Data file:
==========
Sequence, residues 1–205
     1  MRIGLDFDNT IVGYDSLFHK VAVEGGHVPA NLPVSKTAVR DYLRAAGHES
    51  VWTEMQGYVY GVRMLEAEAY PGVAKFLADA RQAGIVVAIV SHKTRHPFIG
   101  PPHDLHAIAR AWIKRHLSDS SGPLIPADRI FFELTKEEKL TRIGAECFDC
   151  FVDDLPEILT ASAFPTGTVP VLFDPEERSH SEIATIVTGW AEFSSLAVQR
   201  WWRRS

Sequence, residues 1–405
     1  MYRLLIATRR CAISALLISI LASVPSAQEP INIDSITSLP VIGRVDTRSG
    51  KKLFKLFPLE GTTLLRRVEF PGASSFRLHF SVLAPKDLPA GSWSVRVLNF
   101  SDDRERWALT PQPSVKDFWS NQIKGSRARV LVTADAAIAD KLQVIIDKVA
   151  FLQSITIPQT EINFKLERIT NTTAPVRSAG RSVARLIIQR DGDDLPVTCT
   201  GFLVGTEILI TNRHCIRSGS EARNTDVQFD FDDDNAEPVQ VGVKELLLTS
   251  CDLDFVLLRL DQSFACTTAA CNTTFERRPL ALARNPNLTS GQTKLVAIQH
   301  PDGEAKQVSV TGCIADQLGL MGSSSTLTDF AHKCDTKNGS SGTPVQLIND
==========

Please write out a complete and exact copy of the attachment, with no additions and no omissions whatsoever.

Sequence, residues 1–205
     1  MRIGLDFDNT IVGYDSLFHK VAVEGGHVPA NLPVSKTAVR DYLRAAGHES
    51  VWTEMQGYVY GVRMLEAEAY PGVAKFLADA RQAGIVVAIV SHKTRHPFIG
   101  PPHDLHAIAR AWIKRHLSDS SGPLIPADRI FFELTKEEKL TRIGAECFDC
   151  FVDDLPEILT ASAFPTGTVP VLFDPEERSH SEIATIVTGW AEFSSLAVQR
   201  WWRRS

Sequence, residues 1–405
     1  MYRLLIATRR CAISALLISI LASVPSAQEP INIDSITSLP VIGRVDTRSG
    51  KKLFKLFPLE GTTLLRRVEF PGASSFRLHF SVLAPKDLPA GSWSVRVLNF
   101  SDDRERWALT PQPSVKDFWS NQIKGSRARV LVTADAAIAD KLQVIIDKVA
   151  FLQSITIPQT EINFKLERIT NTTAPVRSAG RSVARLIIQR DGDDLPVTCT
   201  GFLVGTEILI TNRHCIRSGS EARNTDVQFD FDDDNAEPVQ VGVKELLLTS
   251  CDLDFVLLRL DQSFACTTAA CNTTFERRPL ALARNPNLTS GQTKLVAIQH
   301  PDGEAKQVSV TGCIADQLGL MGSSSTLTDF AHKCDTKNGS SGTPVQLIND